Your DISORDER Rare Disease Film Festival Highlights

The first ever rare disease film festival took place the first week of October in Massachusetts! Founded by rare disease parents Bo Bigelow (USP7 mutation) and Daniel DeFabio (Menkes Disease), this two-day event touched the hearts of all who attended.
Their tagline, “You may never be more moved at the movies,” proved so true — the complimentary tissues were much appreciated by the audience.

The tears were happily interrupted by two heartwarming events during day one of the festival. The audience got to witness the presentation of an incredible, custom-made Magic Wheelchair, and the unveiling of a portrait of baby Purnell via Rare Disease United.

The films showcased during the festival covered multiple disorders and managed to highlight some poignant themes that resonate with the entire rare disease community.

Films like Believe, about those living with Dup15q, Menkes Disease: Finding Help and Hope, and Fragile X in Frame, showed the way that each person, even with the same diagnosis, is different. The disorder may be the same, but the way that it impacts each person and the way that person reacts to treatments can be unique.

These films also showed that despite the differences between rare disorders, rare disease families often share similar stories, such as the delay before diagnosis.

Babies are often not diagnosed until milestones are missed at several months of age. The frustration of not knowing what is wrong is relatable for far too many families. Many are aware that there is something different with their child, but don’t have a name for it, and their normal pediatricians often don’t either. A delay in diagnosis is always a problem, but the risks involved with a late diagnoses varies from disorder to disorder. For example, form Menkes families, a diagnosis past 10 days after birth is often too late to prevent irreversible damage.

Some other recurrent themes across films, across diseases, and across families were:

The Struggle with Medications:

Whether it’s convincing your child to consume a foul tasting mixture and all of it, or trying to find the right balance of treatments in the first place, many rare disease families have experienced similar struggles with medication. Some families felt that the treatment that was necessary to keep their children well, subdued so much of their personalities they didn’t feel that they truly got to know their child.

The Comfort of Others:

The solidarity in the room was palpable as a Dup15q mother stated that support groups saved her sanity, “Those people are family even though you don’t them”.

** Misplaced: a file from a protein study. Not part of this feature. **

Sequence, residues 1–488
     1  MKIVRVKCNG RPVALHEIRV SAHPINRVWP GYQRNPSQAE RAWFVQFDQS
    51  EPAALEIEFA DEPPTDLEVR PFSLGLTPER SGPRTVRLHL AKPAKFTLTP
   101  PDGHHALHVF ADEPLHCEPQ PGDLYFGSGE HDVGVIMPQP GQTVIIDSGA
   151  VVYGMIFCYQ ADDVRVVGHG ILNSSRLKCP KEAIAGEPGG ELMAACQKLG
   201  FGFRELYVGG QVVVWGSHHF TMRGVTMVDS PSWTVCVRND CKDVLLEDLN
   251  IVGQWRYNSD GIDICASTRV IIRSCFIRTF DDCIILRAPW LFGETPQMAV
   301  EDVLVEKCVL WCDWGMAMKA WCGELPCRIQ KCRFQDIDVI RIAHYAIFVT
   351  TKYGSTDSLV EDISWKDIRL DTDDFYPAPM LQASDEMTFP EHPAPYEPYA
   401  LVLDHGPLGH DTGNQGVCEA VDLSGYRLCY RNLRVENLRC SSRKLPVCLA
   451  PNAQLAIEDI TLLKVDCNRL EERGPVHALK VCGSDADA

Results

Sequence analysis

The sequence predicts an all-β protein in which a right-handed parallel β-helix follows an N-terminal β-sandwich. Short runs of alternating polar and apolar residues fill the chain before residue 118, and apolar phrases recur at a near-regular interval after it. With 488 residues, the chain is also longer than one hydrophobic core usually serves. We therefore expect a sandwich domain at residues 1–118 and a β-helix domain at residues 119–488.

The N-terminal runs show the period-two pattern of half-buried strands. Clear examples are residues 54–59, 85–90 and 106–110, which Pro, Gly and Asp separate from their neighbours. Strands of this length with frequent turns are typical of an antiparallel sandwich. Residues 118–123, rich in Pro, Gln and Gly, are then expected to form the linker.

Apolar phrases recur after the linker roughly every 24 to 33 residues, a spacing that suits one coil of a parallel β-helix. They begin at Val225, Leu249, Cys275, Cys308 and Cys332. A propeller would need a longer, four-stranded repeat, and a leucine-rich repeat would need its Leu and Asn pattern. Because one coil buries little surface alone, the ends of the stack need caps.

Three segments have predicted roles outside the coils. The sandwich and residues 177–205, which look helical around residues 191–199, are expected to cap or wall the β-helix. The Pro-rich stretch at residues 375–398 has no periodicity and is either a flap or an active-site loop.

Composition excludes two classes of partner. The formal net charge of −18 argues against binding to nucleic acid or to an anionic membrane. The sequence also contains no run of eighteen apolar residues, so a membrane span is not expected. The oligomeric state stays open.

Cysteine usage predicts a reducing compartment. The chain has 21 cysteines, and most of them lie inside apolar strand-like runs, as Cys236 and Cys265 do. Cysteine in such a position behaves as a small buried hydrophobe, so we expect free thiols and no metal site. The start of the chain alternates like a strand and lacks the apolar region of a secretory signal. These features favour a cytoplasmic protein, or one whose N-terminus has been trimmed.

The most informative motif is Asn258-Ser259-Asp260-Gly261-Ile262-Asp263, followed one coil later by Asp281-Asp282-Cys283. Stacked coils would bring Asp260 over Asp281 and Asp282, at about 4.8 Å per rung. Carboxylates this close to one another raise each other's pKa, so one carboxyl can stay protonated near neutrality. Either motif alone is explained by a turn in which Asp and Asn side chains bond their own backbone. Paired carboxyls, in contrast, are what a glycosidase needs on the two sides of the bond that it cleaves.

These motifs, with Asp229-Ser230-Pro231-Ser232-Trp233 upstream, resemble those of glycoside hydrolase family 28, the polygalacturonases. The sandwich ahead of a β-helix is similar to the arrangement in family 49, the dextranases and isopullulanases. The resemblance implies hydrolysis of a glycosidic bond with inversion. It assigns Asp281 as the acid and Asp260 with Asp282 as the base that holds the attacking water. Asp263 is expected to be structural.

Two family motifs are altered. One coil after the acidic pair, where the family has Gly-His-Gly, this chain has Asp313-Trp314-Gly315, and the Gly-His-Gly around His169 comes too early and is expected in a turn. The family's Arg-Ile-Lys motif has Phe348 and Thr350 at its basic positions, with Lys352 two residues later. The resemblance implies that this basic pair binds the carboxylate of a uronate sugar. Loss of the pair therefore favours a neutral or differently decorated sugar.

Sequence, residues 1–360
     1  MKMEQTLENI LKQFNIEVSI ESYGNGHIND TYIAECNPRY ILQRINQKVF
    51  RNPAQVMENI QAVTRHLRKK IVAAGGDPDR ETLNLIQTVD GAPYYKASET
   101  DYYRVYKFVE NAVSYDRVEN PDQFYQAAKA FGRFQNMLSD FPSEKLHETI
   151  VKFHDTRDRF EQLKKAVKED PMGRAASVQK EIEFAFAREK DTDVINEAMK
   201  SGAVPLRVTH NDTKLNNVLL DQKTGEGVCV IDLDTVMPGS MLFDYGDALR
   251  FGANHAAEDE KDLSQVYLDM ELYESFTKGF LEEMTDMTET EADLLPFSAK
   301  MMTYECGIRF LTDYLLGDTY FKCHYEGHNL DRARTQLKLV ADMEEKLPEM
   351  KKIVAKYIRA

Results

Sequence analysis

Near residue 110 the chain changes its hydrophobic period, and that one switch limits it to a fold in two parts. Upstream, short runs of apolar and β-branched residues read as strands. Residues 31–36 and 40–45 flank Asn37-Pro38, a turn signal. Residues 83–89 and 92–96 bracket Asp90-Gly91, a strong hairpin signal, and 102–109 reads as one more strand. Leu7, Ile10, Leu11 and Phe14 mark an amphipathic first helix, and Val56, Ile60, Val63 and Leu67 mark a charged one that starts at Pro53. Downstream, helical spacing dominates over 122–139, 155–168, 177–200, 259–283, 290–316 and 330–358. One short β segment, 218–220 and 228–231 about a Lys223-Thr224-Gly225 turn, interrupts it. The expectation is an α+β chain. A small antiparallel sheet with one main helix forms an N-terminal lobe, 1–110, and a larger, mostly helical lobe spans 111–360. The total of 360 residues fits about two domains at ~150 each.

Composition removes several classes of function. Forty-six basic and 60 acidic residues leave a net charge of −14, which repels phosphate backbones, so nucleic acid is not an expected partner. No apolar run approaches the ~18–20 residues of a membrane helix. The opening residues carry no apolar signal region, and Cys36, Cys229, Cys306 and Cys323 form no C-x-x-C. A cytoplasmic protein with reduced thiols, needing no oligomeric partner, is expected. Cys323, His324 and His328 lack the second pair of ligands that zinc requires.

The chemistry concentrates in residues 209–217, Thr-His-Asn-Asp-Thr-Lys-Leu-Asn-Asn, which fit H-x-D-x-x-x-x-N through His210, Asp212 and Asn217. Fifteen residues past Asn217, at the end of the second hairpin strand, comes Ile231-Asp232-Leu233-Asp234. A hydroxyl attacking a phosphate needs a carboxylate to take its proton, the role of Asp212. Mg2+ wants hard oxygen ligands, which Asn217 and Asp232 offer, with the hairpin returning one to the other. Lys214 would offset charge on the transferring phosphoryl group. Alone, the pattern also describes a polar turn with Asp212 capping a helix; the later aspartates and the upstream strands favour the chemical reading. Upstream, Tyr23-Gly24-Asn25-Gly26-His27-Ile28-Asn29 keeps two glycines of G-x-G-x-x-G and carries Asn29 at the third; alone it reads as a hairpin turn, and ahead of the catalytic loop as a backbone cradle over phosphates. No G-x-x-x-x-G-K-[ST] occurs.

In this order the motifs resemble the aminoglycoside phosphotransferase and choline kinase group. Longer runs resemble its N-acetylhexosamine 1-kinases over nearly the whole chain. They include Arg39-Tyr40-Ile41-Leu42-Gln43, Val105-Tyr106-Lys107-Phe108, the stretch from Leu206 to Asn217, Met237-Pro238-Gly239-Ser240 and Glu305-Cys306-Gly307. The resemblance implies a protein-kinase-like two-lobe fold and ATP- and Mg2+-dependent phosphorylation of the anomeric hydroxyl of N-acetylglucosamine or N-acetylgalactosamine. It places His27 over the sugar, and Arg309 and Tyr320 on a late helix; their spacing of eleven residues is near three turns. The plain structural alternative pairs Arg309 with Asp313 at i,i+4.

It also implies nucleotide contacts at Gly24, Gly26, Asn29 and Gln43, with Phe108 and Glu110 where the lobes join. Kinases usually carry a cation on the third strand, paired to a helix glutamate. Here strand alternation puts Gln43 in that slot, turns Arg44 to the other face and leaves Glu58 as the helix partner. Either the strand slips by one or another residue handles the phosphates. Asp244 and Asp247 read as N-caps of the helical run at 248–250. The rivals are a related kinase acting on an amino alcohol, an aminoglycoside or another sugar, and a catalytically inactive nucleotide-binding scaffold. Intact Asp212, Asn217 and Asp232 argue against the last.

Other families can provide an incredible, invaluable support system, especially for those who are newly diagnosed. When Bo Bigelow’s family traveled to meet other USP7 families, they finally had the opportunity to shake hands with people who could truly relate to their experiences.

Relationships and Caregiving:

The film Rare In Common” highlighted more similarities in the experiences of rare disease families with non-similar diseases. Those experiences extend out from the biomedical sphere.

It’s more difficult for rare disease families to find babysitters for children who are medically complex. Rare disease can take a toll on relationships when so much time and energy must be allocated to medically necessary tasks. Some parents who have children with genetic disorders may feel guilty, because in a way, they feel like the reason for a disease they wouldn’t wish on anyone.

Support is necessary for not only rare disease patients but caregivers as well. Asking for help from those who don’t fully understand the situation can be difficult. Rare diseases and the daily struggles that they entail aren’t easily explained and many find it hard to illuminate even their own extended family

Tough Questions:

The films, the speakers, and the audience posed and addressed some tough questions and topics. Does compassion for patients fade as the child becomes an adult? How do you handle the stigma surrounding enrolling your child in a residential, full time, special needs services facility? How do families without a diagnosis cope with the lack of support systems? Would you rather a bad diagnosis than no diagnosis? How does one date, with a rare disease?

Michelle Hall, from the film This Is Michelle, spoke about her experiences with EB (epidermolysis bullosa) and the need for more funding for EB research and discussed some hard topics. She advocates for living life fully, but expresses the need to acknowledge not only the physical pain that is often a part of living with a rare disease, but the emotional and financial struggles as well.

She didn’t shy away from pointing out that things like depression and alcoholism can follow in the path of rare diseases. If this isn’t the case for the patient it might be for the parent, feeling helpless in the face of their child’s suffering.

Story Telling:

One stand out lesson from this event and all who participated in it: story telling is important. This event, these films, put faces to disorders. They award glimpses into the everyday lives of extraordinary families. They grant insight to the types of struggles that are endured by so many and they spread awareness in a truly captivating way.

Content and Community Manager and article author, Rebekah

The more stories that are shared the louder rare disease voices are and the stronger the community grows. This event captured the genuine, profound and sometimes humorous aspects of the rare disease experience with an incredible variety of rare represented, the founders and sponsors should be proud.



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